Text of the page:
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MailTribune.com
  • Changing of the guard

    County's first-ever female DA makes changes in caseloads, plans training
  • Changes in caseloads, more in-house training for deputy district attorneys and long-awaited technology advances are the first orders of business for Beth Heckert, sworn in Monday as Jackson County's first female district attorney.
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  • Changes in caseloads, more in-house training for deputy district attorneys and long-awaited technology advances are the first orders of business for Beth Heckert, sworn in Monday as Jackson County's first female district attorney.
    Heckert, 50, replaces Mark Huddleston, who retired in December after 20 years at the helm.
    Heckert selected prosecutor Jeremy Markiewicz, 34, to serve as her second-in-command. Markiewicz's legal and people skills made him the best choice, she said.
    Markiewicz's financial crimes caseload will be divided up between several prosecutors, Heckert said.
    Stating she is a "big fan of the team approach," Heckert has paired up DAs who not only have the skills to handle tough cases, but who will work well together, she said.
    Child abuse cases will be covered by Terry Smith-Norton and Adam Peterson. And a female duo of prosecutors, Laura Cromwell and Ruby Herriott, will be handling the domestic violence caseload, Heckert said.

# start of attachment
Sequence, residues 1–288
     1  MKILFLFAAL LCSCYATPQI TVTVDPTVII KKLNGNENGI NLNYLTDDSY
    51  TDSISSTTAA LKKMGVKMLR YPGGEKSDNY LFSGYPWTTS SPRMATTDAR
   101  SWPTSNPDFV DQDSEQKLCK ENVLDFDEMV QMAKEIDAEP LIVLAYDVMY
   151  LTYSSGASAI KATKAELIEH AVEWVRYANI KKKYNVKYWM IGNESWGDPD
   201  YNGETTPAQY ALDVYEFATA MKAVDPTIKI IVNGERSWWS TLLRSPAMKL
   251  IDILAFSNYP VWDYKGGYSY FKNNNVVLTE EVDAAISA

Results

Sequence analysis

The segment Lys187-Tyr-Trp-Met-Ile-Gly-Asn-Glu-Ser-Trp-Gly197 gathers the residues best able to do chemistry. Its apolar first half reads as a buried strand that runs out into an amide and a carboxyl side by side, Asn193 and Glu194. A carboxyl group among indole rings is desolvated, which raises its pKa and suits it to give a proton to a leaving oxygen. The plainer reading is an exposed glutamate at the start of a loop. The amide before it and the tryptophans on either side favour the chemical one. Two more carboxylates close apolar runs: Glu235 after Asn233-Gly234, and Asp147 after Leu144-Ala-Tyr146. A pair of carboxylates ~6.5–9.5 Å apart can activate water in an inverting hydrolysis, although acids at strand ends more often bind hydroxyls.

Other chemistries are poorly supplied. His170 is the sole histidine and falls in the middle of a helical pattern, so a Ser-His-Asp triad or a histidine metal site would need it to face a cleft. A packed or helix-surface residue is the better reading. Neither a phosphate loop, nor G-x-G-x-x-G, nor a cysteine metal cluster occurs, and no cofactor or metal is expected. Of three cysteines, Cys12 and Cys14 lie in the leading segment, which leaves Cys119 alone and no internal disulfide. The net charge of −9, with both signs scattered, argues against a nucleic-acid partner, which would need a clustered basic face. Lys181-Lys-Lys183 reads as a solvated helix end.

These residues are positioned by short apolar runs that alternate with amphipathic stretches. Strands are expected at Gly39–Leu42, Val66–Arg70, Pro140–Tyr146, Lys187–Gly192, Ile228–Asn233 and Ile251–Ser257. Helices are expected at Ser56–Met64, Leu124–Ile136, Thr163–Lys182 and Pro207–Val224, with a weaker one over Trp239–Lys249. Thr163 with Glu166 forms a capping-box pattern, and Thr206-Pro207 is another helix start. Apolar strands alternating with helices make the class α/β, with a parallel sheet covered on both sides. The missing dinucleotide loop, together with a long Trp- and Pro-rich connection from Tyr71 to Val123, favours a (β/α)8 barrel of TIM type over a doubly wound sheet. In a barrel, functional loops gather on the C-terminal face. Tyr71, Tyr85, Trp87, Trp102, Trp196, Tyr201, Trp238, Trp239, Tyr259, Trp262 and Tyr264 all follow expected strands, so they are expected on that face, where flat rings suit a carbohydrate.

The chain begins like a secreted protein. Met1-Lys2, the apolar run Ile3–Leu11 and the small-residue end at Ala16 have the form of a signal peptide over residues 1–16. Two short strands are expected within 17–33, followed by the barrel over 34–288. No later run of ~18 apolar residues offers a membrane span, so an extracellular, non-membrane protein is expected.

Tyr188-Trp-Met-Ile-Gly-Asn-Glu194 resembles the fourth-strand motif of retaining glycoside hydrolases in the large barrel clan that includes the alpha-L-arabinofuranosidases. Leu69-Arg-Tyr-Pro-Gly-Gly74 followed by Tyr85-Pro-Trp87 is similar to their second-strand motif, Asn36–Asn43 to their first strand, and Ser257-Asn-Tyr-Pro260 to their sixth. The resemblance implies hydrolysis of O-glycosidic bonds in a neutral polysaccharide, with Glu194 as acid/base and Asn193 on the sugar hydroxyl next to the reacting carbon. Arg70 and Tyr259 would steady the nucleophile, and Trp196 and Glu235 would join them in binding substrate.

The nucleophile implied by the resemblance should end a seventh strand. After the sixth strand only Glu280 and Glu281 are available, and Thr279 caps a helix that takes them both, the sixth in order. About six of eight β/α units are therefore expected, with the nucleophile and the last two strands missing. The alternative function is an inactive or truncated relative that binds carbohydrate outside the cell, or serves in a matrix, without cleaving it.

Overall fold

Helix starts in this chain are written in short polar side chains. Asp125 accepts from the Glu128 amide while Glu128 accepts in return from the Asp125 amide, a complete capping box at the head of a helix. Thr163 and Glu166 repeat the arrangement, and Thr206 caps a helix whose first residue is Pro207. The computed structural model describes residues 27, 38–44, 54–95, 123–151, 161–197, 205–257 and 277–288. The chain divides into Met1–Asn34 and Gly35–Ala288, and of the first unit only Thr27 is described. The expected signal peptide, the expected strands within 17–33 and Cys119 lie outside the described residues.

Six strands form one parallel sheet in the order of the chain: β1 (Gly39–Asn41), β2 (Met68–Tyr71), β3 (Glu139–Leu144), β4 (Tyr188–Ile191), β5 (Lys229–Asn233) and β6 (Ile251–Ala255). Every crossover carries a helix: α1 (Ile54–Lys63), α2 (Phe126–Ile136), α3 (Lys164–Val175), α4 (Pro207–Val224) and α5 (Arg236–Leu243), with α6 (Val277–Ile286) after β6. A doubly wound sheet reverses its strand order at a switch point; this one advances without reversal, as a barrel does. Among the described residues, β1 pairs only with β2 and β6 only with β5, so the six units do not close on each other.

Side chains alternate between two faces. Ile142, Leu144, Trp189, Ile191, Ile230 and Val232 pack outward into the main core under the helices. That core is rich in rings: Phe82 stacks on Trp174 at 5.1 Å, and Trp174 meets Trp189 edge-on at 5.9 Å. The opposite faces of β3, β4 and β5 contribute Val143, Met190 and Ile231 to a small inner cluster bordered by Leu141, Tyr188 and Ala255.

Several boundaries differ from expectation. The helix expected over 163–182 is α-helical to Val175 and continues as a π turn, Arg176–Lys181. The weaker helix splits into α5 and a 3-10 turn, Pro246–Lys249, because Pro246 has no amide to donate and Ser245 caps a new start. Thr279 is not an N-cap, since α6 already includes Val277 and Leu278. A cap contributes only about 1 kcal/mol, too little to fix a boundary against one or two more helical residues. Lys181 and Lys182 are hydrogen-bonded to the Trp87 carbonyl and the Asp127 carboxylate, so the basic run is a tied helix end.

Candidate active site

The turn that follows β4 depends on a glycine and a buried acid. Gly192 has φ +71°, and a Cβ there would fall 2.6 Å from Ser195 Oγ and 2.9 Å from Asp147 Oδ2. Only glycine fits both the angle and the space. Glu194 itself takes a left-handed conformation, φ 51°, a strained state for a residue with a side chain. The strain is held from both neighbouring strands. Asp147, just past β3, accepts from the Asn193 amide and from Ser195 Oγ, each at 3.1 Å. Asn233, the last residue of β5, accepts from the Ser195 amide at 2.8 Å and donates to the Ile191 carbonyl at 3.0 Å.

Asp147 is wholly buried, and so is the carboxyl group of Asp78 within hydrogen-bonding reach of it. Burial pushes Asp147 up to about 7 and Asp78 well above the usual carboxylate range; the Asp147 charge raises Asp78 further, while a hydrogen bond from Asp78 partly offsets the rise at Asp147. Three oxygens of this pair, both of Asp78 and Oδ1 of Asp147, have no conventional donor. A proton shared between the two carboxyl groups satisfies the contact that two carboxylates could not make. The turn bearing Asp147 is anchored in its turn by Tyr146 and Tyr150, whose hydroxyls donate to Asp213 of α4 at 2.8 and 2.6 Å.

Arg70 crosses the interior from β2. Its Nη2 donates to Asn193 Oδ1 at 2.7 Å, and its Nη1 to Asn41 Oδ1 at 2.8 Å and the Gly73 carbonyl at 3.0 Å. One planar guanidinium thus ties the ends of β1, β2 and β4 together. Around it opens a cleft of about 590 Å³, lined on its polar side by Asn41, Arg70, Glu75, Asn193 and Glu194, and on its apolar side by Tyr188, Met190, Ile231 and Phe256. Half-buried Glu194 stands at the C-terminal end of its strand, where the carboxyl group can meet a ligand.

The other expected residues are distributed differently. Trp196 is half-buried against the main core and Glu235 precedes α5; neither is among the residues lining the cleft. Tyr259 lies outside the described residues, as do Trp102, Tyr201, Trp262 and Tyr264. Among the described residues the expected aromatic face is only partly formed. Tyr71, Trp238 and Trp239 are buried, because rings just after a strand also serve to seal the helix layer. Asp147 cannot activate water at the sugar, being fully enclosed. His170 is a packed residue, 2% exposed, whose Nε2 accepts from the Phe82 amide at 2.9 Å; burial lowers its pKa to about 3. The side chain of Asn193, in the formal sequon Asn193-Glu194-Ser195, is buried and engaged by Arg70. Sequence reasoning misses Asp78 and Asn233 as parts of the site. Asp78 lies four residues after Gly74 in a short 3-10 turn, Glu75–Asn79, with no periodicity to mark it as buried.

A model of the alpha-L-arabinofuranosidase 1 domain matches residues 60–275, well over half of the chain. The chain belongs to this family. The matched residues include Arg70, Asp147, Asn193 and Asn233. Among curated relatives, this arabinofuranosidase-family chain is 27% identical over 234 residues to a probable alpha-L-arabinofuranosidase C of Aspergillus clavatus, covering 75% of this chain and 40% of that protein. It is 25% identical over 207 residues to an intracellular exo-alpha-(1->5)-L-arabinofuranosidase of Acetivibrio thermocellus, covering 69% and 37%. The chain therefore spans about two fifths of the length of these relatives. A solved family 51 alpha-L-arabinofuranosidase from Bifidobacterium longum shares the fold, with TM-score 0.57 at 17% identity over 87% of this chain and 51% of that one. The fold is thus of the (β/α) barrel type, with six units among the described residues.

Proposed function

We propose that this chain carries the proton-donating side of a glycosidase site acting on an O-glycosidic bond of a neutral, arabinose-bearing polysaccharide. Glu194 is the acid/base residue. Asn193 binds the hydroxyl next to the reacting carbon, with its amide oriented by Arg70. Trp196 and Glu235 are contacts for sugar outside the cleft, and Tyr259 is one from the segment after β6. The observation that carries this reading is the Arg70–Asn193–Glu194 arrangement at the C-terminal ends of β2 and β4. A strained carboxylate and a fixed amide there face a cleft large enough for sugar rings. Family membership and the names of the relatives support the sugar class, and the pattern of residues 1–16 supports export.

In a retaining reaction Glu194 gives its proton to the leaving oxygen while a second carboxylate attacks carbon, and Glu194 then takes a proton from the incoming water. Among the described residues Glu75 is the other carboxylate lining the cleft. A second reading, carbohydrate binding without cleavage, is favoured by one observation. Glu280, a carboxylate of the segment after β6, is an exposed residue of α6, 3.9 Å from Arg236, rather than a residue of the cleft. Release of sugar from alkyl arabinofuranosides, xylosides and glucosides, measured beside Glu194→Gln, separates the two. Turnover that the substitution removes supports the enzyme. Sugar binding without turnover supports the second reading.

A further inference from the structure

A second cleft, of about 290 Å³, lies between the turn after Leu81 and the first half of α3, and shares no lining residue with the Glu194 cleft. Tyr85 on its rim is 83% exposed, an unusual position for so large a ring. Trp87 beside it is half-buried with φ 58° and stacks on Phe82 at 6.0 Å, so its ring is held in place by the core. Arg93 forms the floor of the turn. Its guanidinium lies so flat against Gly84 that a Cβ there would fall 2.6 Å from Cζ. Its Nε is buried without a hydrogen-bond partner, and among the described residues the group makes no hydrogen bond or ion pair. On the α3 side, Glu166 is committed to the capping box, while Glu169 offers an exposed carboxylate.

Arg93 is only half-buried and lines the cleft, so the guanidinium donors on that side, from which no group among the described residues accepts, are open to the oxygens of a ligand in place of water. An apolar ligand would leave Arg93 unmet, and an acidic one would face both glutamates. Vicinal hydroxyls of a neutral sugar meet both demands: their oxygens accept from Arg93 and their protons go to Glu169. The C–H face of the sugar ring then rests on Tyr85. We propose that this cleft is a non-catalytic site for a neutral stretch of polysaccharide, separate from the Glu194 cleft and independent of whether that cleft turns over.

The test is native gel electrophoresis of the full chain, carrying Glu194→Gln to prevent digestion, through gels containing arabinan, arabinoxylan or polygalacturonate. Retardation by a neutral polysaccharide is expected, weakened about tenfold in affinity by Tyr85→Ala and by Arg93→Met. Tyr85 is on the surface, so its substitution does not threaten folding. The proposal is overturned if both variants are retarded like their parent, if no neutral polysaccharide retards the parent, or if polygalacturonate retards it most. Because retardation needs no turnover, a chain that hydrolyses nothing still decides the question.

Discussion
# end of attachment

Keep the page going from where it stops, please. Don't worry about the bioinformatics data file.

"I think they'll make a really good team," Heckert said.
    The first of several in-house training days is slated for Jan. 18. Attorneys are required by law to have continuing education, she said, adding the sessions will be held on days the courts are closed.
    "We're going to have four trainings a year. Our first is going to be an ethics presentation on dealing with the press," Heckert said.
    Other training sessions will discuss search-and-seizure issues, critical injury protocol and other topics that impact the office, she said.
    "We are also going to have mandatory ride-alongs with the police," Heckert said. "It's a good way to get to know new officers, and for them to connect with us. It opens communication."
    Heckert said police and her office are anticipating the rollout of a new data management system that will allow reports to be received electronically. Currently, officers must deliver hard-copy police reports and other documents related to any given case to the DA's office.
    "We'll get (the reports) faster, and we can give them to the defense attorneys faster, too. There are a lot of good aspects to this," Heckert said, adding the new system is slated to go online in the spring.
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